What might stick, though, is Mandelson's jibe about UKIP whom he called the "UK Isolation Party". That is just the sort of snide slur that can gain a certain currency, and it struck me at the time that it was far from spontaneous. This has been worked on by Mandelson and his little friends, all part of the classic technique of denigrating the opposition.
If it does stick, though, it will be because there is a grain of truth in it. One just has to look at the comment threads on the online Booker columns, and other threads on EU-related issues. Very visible and voluble are the self-identified UKIP members who demonstrate by their comments that their only interest is immediate withdrawal from the EU, whatever the cost, and whatever the damage caused.
This we also see on our own forum, the relentless advocates of unilateral withdrawal who are so obsessed with leaving that they would destroy any chance of a negotiated settlement and cause endless damage to British business and other national interests.
What these people don't seem to realise, though, is that our withdrawal will almost certainly depend on us winning a referendum. And it is there, where the vote is soft that we will be relying not on the politically committed, but on the swing voter, who will have no settled view on the EU issue.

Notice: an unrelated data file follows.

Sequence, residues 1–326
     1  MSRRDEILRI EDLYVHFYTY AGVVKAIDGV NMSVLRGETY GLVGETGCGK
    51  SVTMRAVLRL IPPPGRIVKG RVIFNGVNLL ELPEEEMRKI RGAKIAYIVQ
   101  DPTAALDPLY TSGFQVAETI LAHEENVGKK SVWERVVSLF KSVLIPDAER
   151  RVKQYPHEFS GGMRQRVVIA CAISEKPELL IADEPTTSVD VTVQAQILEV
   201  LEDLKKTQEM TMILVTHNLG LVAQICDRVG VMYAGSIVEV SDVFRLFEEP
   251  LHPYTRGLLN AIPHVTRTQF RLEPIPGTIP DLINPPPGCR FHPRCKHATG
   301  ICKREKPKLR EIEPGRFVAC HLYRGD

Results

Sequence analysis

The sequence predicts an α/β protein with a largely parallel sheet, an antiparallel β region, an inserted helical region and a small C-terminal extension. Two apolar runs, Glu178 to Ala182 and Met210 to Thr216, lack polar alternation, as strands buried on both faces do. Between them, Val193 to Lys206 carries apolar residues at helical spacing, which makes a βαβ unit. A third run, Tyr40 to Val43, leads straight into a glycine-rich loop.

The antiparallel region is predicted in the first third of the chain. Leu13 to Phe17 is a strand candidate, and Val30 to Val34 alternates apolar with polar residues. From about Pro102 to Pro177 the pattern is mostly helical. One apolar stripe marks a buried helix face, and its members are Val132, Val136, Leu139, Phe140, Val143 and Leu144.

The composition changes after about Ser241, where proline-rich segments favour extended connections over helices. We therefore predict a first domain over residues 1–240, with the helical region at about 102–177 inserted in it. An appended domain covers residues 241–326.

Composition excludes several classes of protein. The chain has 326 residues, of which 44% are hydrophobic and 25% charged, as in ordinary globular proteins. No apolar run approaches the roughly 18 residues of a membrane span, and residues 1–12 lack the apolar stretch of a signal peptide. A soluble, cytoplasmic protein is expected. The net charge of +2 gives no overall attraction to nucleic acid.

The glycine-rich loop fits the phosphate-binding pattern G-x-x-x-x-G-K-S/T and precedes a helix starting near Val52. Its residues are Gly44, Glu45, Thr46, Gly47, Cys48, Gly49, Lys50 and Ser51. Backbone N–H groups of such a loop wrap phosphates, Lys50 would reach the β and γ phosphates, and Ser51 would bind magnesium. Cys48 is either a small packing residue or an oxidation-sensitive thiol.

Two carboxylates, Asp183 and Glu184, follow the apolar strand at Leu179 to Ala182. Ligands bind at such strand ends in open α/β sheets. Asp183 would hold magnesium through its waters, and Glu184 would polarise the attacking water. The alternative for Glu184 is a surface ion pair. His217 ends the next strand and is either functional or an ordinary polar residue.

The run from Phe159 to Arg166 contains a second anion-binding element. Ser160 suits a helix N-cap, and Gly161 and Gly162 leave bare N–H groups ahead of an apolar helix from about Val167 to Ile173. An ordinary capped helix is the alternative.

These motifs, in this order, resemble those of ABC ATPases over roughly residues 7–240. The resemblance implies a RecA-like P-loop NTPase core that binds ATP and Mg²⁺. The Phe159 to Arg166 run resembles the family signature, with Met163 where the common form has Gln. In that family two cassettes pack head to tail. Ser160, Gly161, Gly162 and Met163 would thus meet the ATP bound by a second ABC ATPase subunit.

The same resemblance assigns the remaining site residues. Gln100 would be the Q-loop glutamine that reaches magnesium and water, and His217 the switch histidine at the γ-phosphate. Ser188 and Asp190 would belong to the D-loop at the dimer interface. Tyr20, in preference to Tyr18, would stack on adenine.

What people also need to realise is that political engagement is a minority occupation. Only a tiny and diminishing band of people follow politics. The "mainstream" media is in fact purveying a minority view, and the bulk of people who get their news only from television rarely give the bulletins their full attention.
Yet, it is these people upon whom will be relying to get us out of the EU. They are people we haven't spoken to yet. These are people who don't read the comments (thank goodness) and who don't read the blogs. Many of them don't even vote in most elections.
But it is these people who will be most affected by the scare tactics of the europhiles, and the claims of people like Mandleson, who revel in claims that we are isolationists and "little Englanders". And they will be given plenty of opportunities by the BBC and the legacy media to make their points.
Then, it will we our own rabid, swivel-eyed loonies, foaming at the mouth about "traitors" and "illegal treaties", German domination and all the rest, who let us down.
Their squealing for immediate repeal of the European Communities Act, regardless of the damage caused, will seem to confirm the slurs from the Mandelsons of this world, giving their claims credibility as they seek to tar us all with the same brush.
Thus, as eurosceptics, we need to be thinking hard, not only about our arguments, but how they play with the politically uncommitted. What might sound good to the faithful, or stack up the "recommends" on the comment threads, are not necessarily the arguments that are going to convince the swing voters.
To do that, we are going to have to be careful what we say, and compromise. What many committed eurosceptics could end up doing, in promoting their preferred courses of action, is alienating – or frightening - ordinary people to such an extent that we end up losing a referendum.
As it stands, it is going to be difficult enough to win. There is no need to make it impossible.